Dog food brands to avoid would include the following ingredients:
Brewer’s Rice - A processed rice product that represents the milled fragments of rice kernels that have been separated from the whole grain rice. This is a lower cost rice product that lacks the nutrients found in its counterpart whole brown rice.
Ethoxyquin - A chemical preservative found in some pet foods that is used to extend the shelf life and ultimately the overall profitability of the food. Ethoxyquin has been banned from most human foods due to its cancer-causing properties. Try to find foods that are preserved with Vitamin C or E (mixed tocopherols).
Meat and Poultry By-products - Byproducts are much less expensive and digestible than the muscle meat found in higher quality brands. Ingredients vary from batch to batch but can include heads, feet, bone, etc. It can legally include diseased tissues and organs (even tumors)...not the steak and chicken breast you are seeing in the commercials.
Potato Product - A cheap byproduct of food processing of potatoes for human use. The potato “product” does not have the same nutritional benefit as a fresh whole potato. As a general rule, any food labeled as a “product” in the description, e.g. “egg product” or “byproduct” isn’t going to have the same level of pet nutrition for your dog as the whole food itself.
Peanut Hulls, Beet Pulp, Soybean Hulls - Hulls and pulp are used as an inexpensive filler with little or no nutritional value. It provides fiber and is often used in “reduced calorie” pet foods so that the dog or cat feels satiated. It is better to use green beans, canned pumpkin or other natural sources of fiber to help your pet lose weight.
Sugar - Sugar is included to disguise the taste of low quality ingredients and to entice your pet to eat more. It may be listed as sucrose, fructose or glucose. Sugar can contribute to inflammation, infections, gum disease and should not be included in a pet's diet. Sugar is most likely to appear in treats although it is found in pet food brands as well.
Salt - It's incredible that about 70% of commercial pet foods add salt. Salt can cause heart disease, kidney issues and is a method manufacturers use to cover up rancid meat. Watch for it listed in one of its many forms as a sodium compound.
Food Coloring and Dyes - Many treats are colored to look like their "fresh" food counterparts. For example, some treats will be dyed to look like carrots and colored orange. Some treats are dyed red to look like real meat or bacon---don't be fooled. They are just food dyes "painting" a picture of what your pet should be eating.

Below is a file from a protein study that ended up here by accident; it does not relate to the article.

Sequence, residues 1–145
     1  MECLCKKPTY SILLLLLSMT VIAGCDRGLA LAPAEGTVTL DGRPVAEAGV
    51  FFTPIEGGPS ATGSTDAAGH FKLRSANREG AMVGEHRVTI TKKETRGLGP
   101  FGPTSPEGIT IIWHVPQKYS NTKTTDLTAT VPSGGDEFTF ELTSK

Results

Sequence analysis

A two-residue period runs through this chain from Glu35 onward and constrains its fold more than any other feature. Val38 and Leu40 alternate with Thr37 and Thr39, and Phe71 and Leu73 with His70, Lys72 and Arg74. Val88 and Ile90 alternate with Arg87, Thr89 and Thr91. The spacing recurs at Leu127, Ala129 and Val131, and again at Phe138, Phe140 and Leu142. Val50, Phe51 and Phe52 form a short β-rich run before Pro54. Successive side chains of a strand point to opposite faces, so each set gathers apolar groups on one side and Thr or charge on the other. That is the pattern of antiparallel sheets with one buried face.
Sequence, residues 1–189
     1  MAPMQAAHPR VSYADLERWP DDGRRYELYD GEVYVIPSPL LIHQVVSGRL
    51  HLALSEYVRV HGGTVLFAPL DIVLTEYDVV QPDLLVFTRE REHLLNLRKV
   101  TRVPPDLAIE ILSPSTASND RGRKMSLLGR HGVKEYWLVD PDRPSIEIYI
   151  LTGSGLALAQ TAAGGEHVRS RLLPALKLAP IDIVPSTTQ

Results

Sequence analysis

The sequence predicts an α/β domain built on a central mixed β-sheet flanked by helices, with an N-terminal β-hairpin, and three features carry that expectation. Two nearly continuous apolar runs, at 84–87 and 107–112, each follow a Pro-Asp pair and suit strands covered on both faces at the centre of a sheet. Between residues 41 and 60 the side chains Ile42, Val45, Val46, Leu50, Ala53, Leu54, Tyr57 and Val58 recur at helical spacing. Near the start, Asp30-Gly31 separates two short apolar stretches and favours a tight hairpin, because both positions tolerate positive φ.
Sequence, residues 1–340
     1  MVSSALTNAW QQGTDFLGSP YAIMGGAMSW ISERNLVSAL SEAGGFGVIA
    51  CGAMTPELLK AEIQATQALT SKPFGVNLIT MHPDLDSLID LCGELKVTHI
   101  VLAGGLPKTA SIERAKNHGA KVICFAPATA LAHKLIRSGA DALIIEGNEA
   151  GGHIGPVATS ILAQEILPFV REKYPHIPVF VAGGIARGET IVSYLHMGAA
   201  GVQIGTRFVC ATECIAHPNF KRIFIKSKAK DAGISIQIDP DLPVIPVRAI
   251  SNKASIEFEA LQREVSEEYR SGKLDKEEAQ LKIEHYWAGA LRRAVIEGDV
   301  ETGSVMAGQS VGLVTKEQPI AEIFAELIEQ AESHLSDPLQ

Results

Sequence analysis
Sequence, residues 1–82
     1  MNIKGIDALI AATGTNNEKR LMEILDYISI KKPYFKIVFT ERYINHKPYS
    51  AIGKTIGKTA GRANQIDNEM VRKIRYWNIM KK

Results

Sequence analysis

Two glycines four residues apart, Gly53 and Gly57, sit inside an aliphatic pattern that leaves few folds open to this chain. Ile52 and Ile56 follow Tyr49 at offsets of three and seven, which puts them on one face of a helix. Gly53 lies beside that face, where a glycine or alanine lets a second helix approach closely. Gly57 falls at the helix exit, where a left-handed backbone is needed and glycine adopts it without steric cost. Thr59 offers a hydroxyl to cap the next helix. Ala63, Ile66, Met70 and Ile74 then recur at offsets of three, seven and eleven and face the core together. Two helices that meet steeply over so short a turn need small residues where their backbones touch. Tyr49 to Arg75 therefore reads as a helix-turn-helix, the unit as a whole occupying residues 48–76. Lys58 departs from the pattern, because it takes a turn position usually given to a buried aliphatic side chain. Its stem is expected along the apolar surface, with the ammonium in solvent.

How Does A Raw Frozen Diet Compare to Dry Kibble?
When it comes to pet food, commercially prepared raw frozen diets are the gold standard. Raw frozen diets contain fresh protein (meat, poultry, etc) combined with vegetables and omega oils giving pets easily digestible, optimal nutrition that is low in carbohydrates. Raw frozen diets can be especially helpful for pets with allergies, digestive problems and young, active pets. These are high protein diets containing real meat and poultry, organ meats, vegetables, omega oils and assorted nutrients. The ingredients are well balanced and speak for themselves. Raw frozen diets don't have to be an all or nothing part of the pet's diet. Mixing a portion of raw frozen diets into your pet's food is a great option and is far better than not mixing in any at all.
Dry kibble is highly processed pet food made with carbohydrates to form the food along with a limited amount of protein. A portion of the protein percentage reported on the label is often derived from the starchy carbohydrates (e.g. potatoes) rather than from meat, fish or poultry. The primary reason dry kibble is produced is for convenience...not for your pet's nutrition. Dry kibble is affordable and processed with preservatives to ensure a long shelf-life. If you do choose to feed your pet dry kibble, please consider adding some raw frozen, canned or homemade food to their diet (NOT table scraps!) to add to their overall nutrition and good health.
Do You Need Some Diet Tips For Your Dog?
At Ask Ariel, we offer an ADDED VALUE when you order through us. Include your pet's diet and health concerns on the order form at checkout and our nutritionist will provide a diet suggestion on the packing slip that comes with the product directions. We are here to support you and wish you and your pets a happy and healthy life together!